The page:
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    Wonderful Life: Burgess Shale and the Nature of History (Paperback) By (author) Stephen Jay Gould

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    Description'A masterpiece of analysis and imagination...It centres on a sensational discovery in the field of palaeontology - the existence, in the Burgess Shale...of 530-million-year-old fossils unique in age, preservation and diversity...With skill and passion, Gould takes this mute collection of fossils and makes them speak to us. The result challenges some of our most cherished self-perceptions and urges a fundamental re-assessment of our place in the history of life on earth' Sunday Times.


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  • Full bibliographic data for Wonderful Life

    Title
    Wonderful Life
    Subtitle
    Burgess Shale and the Nature of History
    Authors and contributors
    By (author) Stephen Jay Gould
    Physical properties
    Format: Paperback
    Number of pages: 352
    Width: 129 mm
    Height: 198 mm
    Thickness: 22 mm
    Weight: 256 g
    Language
    English
    ISBN
    ISBN 13: 9780099273455
    ISBN 10: 0099273454
    Classifications

    BIC E4L: SCI
    Nielsen BookScan Product Class 3: S7.1
    BIC subject category V2: PSAJ
    LC subject heading:
    DC21: 576.8
    Warengruppen-Systematik des deutschen Buchhandels: 16700
    Ingram Subject Code: NA
    BISAC V2.8: SCI054000, EDU000000
    LC subject heading:
    DC22: 560.9
    BISAC V2.8: NAT000000
    Thema V1.0: PSAJ, RBX
    Illustrations note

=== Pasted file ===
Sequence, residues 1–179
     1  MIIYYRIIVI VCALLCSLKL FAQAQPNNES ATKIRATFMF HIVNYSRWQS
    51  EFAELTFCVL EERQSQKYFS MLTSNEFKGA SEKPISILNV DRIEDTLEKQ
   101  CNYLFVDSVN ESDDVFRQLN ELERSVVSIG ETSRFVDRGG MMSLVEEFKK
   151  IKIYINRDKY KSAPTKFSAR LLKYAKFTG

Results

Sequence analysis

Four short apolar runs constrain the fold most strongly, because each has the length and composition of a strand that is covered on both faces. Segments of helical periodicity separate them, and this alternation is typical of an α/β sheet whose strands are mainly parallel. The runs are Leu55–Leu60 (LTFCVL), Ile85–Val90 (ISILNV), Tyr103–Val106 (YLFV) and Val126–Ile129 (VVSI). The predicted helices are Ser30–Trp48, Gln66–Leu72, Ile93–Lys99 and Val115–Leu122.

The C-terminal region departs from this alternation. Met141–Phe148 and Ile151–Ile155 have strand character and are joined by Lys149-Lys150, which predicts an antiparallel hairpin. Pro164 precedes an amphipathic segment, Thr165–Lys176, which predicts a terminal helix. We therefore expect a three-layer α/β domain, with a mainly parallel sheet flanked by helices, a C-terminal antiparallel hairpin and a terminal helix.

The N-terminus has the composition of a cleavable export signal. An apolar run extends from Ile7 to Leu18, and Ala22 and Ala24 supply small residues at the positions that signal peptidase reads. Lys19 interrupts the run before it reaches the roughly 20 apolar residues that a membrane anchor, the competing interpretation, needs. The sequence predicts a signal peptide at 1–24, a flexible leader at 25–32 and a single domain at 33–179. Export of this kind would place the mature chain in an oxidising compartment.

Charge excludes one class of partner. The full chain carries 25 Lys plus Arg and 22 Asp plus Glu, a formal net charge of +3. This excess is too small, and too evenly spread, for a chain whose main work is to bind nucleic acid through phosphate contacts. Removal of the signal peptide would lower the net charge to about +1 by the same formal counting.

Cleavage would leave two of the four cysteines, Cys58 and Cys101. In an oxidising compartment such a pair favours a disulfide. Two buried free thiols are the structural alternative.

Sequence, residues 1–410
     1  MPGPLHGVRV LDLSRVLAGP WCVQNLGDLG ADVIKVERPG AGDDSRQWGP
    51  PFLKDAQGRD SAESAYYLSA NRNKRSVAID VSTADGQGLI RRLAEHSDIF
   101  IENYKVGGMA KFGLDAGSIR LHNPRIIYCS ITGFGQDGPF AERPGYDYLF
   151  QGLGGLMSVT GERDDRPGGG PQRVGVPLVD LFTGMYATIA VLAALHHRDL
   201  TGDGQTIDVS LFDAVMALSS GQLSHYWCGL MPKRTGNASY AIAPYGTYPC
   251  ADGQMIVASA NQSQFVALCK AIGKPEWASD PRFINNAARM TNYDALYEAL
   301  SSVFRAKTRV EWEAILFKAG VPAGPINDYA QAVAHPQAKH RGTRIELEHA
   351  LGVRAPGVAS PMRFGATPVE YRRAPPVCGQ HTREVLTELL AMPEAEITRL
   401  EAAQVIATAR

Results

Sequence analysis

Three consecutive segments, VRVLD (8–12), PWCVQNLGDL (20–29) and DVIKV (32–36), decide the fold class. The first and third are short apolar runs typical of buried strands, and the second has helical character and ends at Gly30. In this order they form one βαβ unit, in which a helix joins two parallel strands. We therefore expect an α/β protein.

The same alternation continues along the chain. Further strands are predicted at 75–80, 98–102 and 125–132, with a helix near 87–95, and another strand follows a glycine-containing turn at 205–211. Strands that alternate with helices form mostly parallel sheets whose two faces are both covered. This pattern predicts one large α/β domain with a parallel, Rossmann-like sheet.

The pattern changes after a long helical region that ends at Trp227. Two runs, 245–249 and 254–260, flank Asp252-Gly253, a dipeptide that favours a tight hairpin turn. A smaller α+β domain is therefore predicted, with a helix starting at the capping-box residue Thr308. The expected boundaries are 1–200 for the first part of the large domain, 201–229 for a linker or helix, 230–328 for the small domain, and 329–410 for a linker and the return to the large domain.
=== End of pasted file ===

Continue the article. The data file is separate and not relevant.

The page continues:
facsimiles
    Publisher
    VINTAGE
    Imprint name
    VINTAGE
    Publication date
    03 August 2000
    Publication City/Country
    London
    Review quote
    "A masterpiece of analysis and imagination...It centres on a sensational discovery in the field of palaeontology - the existence, in the Burgess Shale... of 530-million-year-old fossils unique in age, preservation and diversity...With skill and passion, Gould takes this mute collection of fossils and makes them speak to us. The result challenges some of our most cherished self-perceptions and urges a fundamental re-assessment of our place in the history of life on earth" Sunday Times
    Review text
    The names themselves are weird: Yohoia, Opabinia, Hallucigenia. . .and more. They are among the weird and wonderful creatures buried in the Burgess Shale, a minuscule quarry "little taller than a man, and not so long as a city block" in British Columbia. They were the mother lode for Smithsonian Director C.D. Walcott, an indefatigable geologist/administrator who discovered the trove in 1909, and, true to the spirit of the times, "shoehorned" all these Cambrian marine specimens (over 500 million years ago) into a few latter-day phyla. And there's the rub, cries Gould, lecturing with a vengeance to eradicate what he sees as the two chief myths of evolution: the ladder of progress (from primitive and simple to glorious US) and the cone of diversity (from restricted and simple to more and better). The Burgess Shale is the crowning demonstration of a Christmas tree analogy: wonderfully rich and complex forms spread across the bottom branches, in time tapering to a few stereotyped branches at the top. Paleontologists Harry Whittington, Derek Briggs, and Simon Conway Morris re-dissected Walcott's fossils, revealing three-dimensional details of forms the likes of which have never been seen - like five-eyed, vacuum-cleaner nozzled Opabinia or bulbous-headed, spined and tentacled Hallucigenia Moreover, the explosive abundance of Burgess has now been repeated at other early sites. For Gould this means that life is maximal at the start, exploding in different shapes and styles that are subjected to the contingencies of history. Unpredictable events can destroy nearly all life, creating opportunities for the remainders. Replay the tape of history and you might end up with predacious birds, not mammals or men. Heady stuff this: Gould demands that readers learn anatomy, and he likes laboring points. But Gould fans will cheer this latest exhortation against purposive creation in favor of a universe "offering us maximum freedom to thrive, or to fail, in our own chosen way." (Kirkus Reviews)